Crohn’s disease is an inflammatory illness of the gastrointestinal tract. Alongside ulcerative colitis, it is one of two inflammatory bowel diseases. It usually affects the small intestine but can occur anywhere along the gastrointestinal tract, from the mouth to the anus. It causes irritation and swelling, which may result in symptoms like rectal bleeding, weight loss, diarrhea, and abdominal pain. Unfortunately, Crohn’s disease is a lifelong medical condition with no certainty. Nonetheless, Huntersville Crohn’s Disease care can help you manage your symptoms and avoid the complications that may arise from them. These complications can include the following:
Kidney and Liver Problems
While uncommon, Crohn’s disease can affect your liver and kidneys. This is because they are located close to the small intestine, which, when inflamed, may swell and exert pressure on these organs. When Crohn’s disease affects your kidneys, you may experience complications like uric acid stones, kidney stones, and hydronephrosis. Hydronephrosis is a medical condition characterized by dull pain near the kidney and blood in the urine. In terms of the liver, the problem is usually caused by inflammation of the organ due to Crohn’s disease or its treatment. You may experience prolonged periods of fatigue or more serious medical conditions like pancreatitis, hepatitis, gallstones, or fatty liver disease.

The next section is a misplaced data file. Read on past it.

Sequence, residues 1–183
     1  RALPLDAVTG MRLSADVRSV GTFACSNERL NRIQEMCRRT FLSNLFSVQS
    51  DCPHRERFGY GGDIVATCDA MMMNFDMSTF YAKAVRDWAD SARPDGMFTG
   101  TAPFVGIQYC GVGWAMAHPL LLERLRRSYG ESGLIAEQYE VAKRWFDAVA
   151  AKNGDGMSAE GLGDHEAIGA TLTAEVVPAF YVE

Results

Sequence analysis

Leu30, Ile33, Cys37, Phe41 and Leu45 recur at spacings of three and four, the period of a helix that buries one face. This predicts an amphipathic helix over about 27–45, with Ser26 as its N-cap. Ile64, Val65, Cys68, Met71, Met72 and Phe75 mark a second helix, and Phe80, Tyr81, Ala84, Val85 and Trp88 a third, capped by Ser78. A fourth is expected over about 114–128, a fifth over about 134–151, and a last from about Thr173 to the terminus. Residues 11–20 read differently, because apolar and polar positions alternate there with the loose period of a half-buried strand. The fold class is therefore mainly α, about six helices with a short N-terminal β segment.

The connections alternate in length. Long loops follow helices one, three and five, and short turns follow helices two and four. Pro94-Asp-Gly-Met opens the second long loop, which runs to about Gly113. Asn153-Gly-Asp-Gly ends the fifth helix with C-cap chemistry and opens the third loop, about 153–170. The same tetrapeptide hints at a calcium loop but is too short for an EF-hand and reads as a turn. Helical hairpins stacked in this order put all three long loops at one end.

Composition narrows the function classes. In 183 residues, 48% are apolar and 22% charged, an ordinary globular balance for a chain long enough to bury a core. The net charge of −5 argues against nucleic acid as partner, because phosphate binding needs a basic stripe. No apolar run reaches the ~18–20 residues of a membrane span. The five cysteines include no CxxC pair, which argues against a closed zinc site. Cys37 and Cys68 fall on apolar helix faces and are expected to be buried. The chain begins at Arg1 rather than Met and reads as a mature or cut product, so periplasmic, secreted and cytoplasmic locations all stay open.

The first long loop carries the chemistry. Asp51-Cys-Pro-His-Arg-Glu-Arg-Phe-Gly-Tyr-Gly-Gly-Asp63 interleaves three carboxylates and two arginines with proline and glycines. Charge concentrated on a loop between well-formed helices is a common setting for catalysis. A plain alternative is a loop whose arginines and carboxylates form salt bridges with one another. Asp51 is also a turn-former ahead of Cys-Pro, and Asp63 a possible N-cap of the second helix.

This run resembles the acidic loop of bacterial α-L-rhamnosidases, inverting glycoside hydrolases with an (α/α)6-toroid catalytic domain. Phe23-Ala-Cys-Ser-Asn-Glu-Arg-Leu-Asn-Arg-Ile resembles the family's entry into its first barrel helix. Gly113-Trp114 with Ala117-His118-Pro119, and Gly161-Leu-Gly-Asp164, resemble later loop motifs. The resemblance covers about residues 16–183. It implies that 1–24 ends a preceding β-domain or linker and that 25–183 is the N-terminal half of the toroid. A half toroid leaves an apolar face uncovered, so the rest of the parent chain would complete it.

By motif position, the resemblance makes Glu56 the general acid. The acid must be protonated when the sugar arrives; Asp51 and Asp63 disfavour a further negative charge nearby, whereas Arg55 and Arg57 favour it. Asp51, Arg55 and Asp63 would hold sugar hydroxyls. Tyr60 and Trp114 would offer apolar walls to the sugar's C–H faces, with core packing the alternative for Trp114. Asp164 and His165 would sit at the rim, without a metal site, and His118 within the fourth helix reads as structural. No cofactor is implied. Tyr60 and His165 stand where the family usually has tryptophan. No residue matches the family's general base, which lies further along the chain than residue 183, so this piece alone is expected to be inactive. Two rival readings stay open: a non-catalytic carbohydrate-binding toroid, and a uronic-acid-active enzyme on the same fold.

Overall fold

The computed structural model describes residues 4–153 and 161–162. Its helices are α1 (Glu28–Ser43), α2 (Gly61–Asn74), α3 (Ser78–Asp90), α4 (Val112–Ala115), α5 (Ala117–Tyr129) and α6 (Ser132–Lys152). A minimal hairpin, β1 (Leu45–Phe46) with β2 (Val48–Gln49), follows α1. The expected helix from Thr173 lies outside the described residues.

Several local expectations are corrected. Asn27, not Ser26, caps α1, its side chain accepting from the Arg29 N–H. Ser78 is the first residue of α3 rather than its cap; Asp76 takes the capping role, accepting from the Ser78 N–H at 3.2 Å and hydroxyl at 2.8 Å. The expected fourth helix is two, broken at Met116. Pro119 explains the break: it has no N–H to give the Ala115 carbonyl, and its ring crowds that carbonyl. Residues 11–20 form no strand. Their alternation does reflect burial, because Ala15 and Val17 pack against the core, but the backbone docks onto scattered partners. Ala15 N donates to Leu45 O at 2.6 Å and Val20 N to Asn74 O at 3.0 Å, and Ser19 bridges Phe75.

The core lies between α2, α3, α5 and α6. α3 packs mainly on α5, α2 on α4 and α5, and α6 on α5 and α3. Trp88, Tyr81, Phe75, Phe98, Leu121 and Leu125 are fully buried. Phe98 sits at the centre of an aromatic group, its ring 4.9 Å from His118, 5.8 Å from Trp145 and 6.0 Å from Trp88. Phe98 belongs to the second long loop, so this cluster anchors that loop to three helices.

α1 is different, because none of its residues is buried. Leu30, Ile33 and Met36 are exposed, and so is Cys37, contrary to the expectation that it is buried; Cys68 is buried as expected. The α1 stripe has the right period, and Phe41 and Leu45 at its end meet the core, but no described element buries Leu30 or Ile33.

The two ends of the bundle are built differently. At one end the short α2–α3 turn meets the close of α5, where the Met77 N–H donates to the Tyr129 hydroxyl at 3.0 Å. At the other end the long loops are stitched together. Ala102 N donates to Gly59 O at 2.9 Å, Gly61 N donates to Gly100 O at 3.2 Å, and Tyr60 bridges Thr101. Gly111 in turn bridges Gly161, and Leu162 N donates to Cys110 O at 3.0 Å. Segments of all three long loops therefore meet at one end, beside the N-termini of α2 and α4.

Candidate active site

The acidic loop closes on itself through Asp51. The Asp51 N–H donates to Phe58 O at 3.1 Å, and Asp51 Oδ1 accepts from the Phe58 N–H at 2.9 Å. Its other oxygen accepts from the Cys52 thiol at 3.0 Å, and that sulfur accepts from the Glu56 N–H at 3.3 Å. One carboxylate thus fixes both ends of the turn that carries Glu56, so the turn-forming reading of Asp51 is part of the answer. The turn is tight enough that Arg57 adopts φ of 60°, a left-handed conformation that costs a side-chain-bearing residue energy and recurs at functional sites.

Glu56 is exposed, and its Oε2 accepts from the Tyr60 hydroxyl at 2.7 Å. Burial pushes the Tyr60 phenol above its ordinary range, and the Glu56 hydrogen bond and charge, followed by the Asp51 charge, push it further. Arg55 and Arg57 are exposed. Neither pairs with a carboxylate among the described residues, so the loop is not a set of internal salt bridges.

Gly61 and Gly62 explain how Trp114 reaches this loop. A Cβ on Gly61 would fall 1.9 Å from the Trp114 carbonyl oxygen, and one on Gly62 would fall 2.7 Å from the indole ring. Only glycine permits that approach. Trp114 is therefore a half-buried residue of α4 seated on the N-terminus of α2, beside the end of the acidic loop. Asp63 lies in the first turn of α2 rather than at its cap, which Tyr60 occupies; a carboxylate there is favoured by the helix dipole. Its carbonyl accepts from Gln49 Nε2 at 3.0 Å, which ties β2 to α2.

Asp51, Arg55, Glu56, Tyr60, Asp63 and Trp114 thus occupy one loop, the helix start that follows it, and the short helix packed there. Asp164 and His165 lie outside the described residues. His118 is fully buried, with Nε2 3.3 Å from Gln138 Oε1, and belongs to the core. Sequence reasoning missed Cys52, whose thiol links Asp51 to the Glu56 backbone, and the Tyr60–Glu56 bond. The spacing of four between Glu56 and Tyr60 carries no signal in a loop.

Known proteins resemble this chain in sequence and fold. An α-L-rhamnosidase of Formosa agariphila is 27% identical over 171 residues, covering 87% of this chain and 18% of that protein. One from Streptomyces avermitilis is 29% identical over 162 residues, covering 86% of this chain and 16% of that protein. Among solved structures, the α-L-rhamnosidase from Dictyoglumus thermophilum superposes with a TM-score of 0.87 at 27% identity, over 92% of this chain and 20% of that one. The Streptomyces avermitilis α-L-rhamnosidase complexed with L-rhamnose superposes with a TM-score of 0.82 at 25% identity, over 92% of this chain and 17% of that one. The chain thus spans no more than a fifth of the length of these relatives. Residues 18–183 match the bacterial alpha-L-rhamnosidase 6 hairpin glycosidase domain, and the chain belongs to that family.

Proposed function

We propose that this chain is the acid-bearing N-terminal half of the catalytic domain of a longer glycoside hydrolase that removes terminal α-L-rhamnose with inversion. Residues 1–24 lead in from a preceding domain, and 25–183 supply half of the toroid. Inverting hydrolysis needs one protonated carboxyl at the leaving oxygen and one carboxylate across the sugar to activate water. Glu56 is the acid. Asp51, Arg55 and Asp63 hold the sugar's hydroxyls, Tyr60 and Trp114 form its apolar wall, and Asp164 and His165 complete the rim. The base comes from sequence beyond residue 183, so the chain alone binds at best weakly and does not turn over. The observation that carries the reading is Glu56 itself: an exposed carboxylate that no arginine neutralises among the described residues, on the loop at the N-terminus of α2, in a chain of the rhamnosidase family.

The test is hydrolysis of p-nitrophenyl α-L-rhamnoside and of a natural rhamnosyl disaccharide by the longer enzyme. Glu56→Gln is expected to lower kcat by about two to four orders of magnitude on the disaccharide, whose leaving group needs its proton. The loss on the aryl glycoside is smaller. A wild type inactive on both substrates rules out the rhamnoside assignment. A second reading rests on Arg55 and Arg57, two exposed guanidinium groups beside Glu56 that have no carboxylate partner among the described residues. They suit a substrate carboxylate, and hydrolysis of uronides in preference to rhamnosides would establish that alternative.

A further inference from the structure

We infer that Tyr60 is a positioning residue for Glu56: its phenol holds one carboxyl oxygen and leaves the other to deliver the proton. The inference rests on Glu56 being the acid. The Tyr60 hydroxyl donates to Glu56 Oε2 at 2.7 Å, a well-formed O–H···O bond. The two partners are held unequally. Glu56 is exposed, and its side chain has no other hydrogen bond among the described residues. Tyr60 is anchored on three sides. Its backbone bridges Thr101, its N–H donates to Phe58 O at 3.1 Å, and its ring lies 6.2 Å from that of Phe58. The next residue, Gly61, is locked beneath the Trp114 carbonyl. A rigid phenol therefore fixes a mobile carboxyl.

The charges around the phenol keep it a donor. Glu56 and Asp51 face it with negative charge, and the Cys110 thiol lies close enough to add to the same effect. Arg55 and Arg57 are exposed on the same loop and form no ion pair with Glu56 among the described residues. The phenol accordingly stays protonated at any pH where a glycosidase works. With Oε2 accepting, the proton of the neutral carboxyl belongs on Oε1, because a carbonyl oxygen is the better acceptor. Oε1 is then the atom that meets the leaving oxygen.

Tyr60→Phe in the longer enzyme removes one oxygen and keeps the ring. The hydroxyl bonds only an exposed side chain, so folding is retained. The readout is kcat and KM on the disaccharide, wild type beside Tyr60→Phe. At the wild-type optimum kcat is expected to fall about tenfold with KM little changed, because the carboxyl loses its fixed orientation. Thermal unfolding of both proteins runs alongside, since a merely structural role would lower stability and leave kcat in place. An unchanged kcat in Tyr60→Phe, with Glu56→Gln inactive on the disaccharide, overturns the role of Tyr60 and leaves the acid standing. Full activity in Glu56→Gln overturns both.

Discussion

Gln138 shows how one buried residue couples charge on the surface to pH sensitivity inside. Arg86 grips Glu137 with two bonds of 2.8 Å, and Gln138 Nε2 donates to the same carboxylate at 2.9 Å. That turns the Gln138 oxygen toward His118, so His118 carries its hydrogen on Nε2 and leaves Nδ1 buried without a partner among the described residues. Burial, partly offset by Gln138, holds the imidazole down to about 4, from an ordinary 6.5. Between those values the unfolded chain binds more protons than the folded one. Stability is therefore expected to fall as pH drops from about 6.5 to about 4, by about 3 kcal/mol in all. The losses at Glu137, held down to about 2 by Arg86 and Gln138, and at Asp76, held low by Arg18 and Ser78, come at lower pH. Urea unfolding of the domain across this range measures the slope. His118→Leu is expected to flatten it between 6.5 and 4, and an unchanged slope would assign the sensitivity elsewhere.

Crohn’s disease and the inflammation it causes can affect your eyes. You may develop episcleritis, which is the inflammation of the area below the conjunctiva and the most common complication of the disease. While it usually affects one eye, it can affect both, causing intense redness, burning, itching, and pain. Episcleritis does not harm your vision, but it can cause constant pain that worsens when you move your eyes. Over time, this pain can become so severe as to affect your sleep.
Bone loss is a common complication associated with Crohn’s disease. It can be caused by the disease itself but can also result from the medications used to treat Crohn’s disease. Whatever the cause, the processes that may lead to bone loss work by stopping your body from absorbing calcium, which is crucial for bone formation. They can also force your body to eliminate calcium when you urinate or promote the production of cells that help disintegrate bones, among other things.
Skin problems associated with Crohn’s disease are rare but can occur. When they do, they can include pyoderma gangrenosum – a condition characterized by pus-filled sores that appear after skin trauma. You may also develop mouth ulcers or canker sores, or Erythema nodosum, which are small red nodules that appear on your ankles, shins, or arms. More commonly, Crohn’s disease can cause skin tags. These are small skin flaps that appear around the anus and can cause irritation.
Delayed Physical Development
This complication is more common in children diagnosed with Crohn’s disease. The condition may cause delayed physical development and slow growth, so your child weighs less or is shorter than their age mates. They may also experience delayed puberty.
You Can Manage These Complications
According to medical data, Crohn’s disease affects about 3.1 million adults in the US. The effects on children can be as serious as those on adults. And while there is not much your doctor can do to heal this condition, they can help you manage your symptoms. They can also help you assess and reduce your risk of these complications. To learn more, contact a qualified provider today.